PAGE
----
I crossed a soccer field and a school. Then it dawned on me that it was my school! Years ago, I had moved out of my hometown for a job. My parents still lived here. I hadn’t seen them in a while. My father did not talk to me. He wanted me to join the family business, but I wanted a life of my own. There would always be my younger, much wiser brother to carry on the legacy. Now, walking through those old, familiar places I was reminded of it.
Working for someone else wasn’t considered the epitome of success in my family. The radio silence from my father was just his way of negotiation. Sometimes, I talked to my mother. At the end of our conversations, she always begged me to come back. She would say, ’You know your father. He will welcome you with open arms. Visit us just once.’ I always pretended not to hear her.
Today felt different. I don’t know how but I was home. And I was going to meet them. I crossed the bridge over the little river that was a torrent in monsoon. Everything about this place was like that- unassuming until the right time. Then you’d be surprised by the sheer strength of it. I was bidding my time too. I was due for a promotion at work that would be a big break. There was an opportunity for getting a professional degree sponsored by my firm. I could be someone they’d be proud of.
Lost in my thoughts, I must have walked miles. I saw the white metal gate of the home I hadn’t seen in years. It looked a bit rusty now. It creaked always. That is how we knew that father was home. We would rush to our study tables. He would look at us contently. Then he would have a bath and his evening tea. Sometimes, I wished he would come to us and talk. Ask us how our day was. But communication was not his strong suit. Once in a while, when he got high on a good scotch, he told us how much he loved us. I wished he’d drink more so that we could talk more often.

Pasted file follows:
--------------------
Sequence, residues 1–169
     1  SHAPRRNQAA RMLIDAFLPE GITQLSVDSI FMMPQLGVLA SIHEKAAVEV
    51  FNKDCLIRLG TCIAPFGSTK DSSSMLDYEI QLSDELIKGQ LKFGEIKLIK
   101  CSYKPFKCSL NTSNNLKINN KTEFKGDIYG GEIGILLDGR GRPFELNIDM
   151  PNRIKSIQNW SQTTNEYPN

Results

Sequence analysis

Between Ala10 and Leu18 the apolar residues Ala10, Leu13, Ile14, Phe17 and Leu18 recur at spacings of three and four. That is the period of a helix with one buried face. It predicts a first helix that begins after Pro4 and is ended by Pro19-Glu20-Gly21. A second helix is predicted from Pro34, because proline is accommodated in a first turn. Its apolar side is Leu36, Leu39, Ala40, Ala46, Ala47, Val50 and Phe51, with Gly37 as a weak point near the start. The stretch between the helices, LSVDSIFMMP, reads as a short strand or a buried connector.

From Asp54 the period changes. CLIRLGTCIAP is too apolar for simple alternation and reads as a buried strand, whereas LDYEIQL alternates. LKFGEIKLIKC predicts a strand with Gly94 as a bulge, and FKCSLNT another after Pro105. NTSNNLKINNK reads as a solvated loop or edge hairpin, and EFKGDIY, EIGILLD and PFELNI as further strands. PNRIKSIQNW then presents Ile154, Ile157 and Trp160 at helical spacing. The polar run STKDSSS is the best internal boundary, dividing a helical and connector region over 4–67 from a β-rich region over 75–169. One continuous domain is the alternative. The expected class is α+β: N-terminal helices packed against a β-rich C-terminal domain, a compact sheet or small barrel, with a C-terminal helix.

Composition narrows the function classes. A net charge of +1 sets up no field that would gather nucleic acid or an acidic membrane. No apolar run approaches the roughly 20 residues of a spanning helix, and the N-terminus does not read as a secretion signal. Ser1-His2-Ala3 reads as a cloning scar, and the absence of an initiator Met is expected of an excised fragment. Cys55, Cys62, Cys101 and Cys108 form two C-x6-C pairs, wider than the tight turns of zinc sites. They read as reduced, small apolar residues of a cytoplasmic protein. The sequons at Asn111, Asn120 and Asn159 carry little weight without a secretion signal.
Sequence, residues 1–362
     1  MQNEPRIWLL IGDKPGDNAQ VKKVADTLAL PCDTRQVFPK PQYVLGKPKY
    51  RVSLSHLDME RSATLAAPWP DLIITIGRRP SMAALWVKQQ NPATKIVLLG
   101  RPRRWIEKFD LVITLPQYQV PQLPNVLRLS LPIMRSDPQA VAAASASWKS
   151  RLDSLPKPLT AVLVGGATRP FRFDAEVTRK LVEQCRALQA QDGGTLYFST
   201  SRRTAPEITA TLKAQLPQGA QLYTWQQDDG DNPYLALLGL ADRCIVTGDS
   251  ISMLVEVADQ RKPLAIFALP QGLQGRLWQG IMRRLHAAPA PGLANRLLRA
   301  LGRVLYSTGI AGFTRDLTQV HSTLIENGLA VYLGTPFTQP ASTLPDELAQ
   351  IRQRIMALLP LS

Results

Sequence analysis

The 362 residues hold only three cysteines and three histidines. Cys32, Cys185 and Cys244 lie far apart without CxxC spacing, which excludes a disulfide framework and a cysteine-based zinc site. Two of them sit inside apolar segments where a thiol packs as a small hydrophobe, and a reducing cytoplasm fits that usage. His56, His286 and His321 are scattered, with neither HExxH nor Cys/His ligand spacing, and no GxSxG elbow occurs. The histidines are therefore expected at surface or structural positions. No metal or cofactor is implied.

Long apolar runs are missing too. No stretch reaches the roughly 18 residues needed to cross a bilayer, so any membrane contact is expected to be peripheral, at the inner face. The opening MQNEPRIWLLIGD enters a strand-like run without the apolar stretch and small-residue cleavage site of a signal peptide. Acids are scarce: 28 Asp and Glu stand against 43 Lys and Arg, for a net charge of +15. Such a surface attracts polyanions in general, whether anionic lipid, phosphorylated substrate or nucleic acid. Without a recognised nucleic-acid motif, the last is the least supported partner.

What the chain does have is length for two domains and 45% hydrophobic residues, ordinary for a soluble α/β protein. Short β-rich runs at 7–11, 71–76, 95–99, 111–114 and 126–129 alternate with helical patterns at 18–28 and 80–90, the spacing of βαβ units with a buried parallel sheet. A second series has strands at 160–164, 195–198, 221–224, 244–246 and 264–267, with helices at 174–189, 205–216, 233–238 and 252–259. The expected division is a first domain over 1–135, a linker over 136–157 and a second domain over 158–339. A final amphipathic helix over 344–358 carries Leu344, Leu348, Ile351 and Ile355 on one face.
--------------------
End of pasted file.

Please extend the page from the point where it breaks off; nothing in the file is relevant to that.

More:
I walked on the asphalt pavement and through the rose garden.There were several varieties: Bordeaux, Autumn Damask, Bella Donna, Sofie. Red, pink, yellow, white, and bi-colored. There were some award winning bonsais. I hated them. I felt that it was cruel to prune, graft, and reduce trees to miniatures. Why shunt the natural growth of a living thing just to appeal to visual aesthetics? Why should something that could grow to be magnificent, be content to grow in a pot? If they could speak, they would protest vehemently.
I walked through the front porch. A money plant grew next to his rocking chair. No one else had the courage to sit on it. I tried sitting on it once when I was a kid. It rocked so fast, I was almost thrown out of it. It was like a throne that would accept only the worthy king.
I could hear a whimper, like some ancient pain, afraid to cry loudly. It was as cold as a tomb inside. I saw my mother weeping. My younger brother was crying too. I had a sense of unease.I touched my mother lightly, but she seemed unaware of my presence, engrossed in her grief. For once, my father did not look away. He kept staring at emptiness like he had sensed an invisible presence. I sat down on an empty chair and waited for someone to speak up.
My maternal aunt and her husband rushed into the room from outside. She hugged my mother and broke down too. Then she took my mother away to her bedroom, and the men were left in silence. Uncle always had a way with words, but not today. The anguish seemed sacred and necessary.
After what seemed like hours, he asked my brother: When did it happen?
My brother replied: In the morning, on Mumbai-Pune expressway. A truck container fell over; he died on his way to the hospital.